THANK YOU! to All Who Came to the HFHA Meeting

[[ UPDATE: The Hoboken Reporter in its August 18 issue ran a story by Dean DeChiaro that mischaracterized the nature of Thursday’s HFHA meeting, suggesting that the meeting was advertised as being SOLELY about the property revaluation:

The meeting, held by the HFHA to bolster its ranks with election season appproaching, was advertised as an information session regarding the ongoing tax revaluation in Hoboken, which is currently being conducted by Appraisal Systems, Inc.

The meeting was in fact advertised as being about the reval AND about our election case AND about rent control.  (Like, HFHA is going to have a meeting and not talk about rent control?)

The only public statement that wrongly presented the meeting as being EXCLUSIVELY about the reval was made by the Hoboken Reporter itself, in an announcement dated August 9th — perhaps from a misunderstanding, or from rushed deadlines, or both.

The Reporter article then implies that we corralled attendees to the meeting under false pretenses:

Despite its stated purpose, the meeting quickly turned to the topic of rent control, an issue which dominated the political scene last year.

A story on our meeting simply doesn’t warrent this kind of tone.

The article also focused — in a forced attempt at he-said-she-said false balance — on an anti-HFHA flyer handed out by someone on the street outside our meeting.

Then, remarkably, the story further muddles its facts by saying that:

“People claiming to be Hoboken residents displaced by Hurricane Sandy filled out these [provisional] ballots and sent them in, but the displacements could not be proven.”

This is a reference to the completely fraudulent list of 114 so-called “displaced voters” asserted by plaintiff MSTA’s attorney Charles Gormally, who produced this list of names with no sources, no voter-affirmation statements, and no evidence whatsoever.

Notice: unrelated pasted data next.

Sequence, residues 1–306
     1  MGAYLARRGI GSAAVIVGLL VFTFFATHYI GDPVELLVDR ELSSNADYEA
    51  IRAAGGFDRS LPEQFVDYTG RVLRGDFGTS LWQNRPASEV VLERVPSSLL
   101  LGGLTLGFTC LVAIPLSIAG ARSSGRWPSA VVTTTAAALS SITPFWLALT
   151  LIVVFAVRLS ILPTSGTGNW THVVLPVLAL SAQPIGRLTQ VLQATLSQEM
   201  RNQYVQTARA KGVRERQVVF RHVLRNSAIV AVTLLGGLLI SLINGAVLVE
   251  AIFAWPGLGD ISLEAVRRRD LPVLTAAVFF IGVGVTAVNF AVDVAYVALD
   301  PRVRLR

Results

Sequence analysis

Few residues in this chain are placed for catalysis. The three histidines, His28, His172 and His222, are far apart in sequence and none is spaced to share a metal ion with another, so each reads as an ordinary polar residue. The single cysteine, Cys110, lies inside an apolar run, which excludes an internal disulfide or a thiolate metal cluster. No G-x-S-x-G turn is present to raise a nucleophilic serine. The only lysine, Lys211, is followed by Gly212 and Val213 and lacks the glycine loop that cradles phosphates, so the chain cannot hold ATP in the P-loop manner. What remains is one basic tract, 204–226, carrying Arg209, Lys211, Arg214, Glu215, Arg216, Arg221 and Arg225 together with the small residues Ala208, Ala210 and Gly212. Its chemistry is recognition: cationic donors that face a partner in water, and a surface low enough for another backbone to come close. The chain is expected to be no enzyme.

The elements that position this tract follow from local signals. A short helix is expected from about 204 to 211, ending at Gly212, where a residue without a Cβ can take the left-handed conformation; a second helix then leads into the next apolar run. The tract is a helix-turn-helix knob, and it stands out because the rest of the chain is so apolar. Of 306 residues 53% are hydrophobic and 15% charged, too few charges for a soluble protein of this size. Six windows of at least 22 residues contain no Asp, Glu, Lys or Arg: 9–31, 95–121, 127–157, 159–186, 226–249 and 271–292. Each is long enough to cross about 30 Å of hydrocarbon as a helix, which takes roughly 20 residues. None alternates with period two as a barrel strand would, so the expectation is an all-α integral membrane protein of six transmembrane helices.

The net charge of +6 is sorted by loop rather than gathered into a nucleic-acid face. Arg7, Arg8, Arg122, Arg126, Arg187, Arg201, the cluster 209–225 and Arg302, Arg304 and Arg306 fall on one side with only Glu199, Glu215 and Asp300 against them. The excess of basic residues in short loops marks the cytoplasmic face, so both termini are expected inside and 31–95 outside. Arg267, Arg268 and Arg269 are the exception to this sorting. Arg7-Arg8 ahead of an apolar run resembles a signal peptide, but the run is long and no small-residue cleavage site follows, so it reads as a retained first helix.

(The voters, of course, are real.  What’s fraudulent is Gormally’s unbacked assertion — and the trial judge’s acceptance of that assertion — that those voters should have been able to vote on a local question, Hoboken Public Question # 2 — the rent-control question — when voting outside of Hoboken.)

This group of very real voters did not claim to be Hoboken residents at all, and they did not, they could not, vote on HPQ#2 — the rent-control question.

That was the reason Gormally selected those names in the first place — so that he could claim in court that these voters were denied the opportunity to vote on a local question.   He pretended ignorance of the fact that they were never supposed to be able to vote on a local question from a non-local voting location.

Gormally simply took from the voter rolls a batch of names of folks who voted outside of town, and handed those names to a mysteriously uncritical and sympathetic judge who then “set aside” the results of the election.  That decision is now on appeal.

Most of the real people behind those names were in fact not Hoboken residents at the time of the November 2012 election.

How do we know this?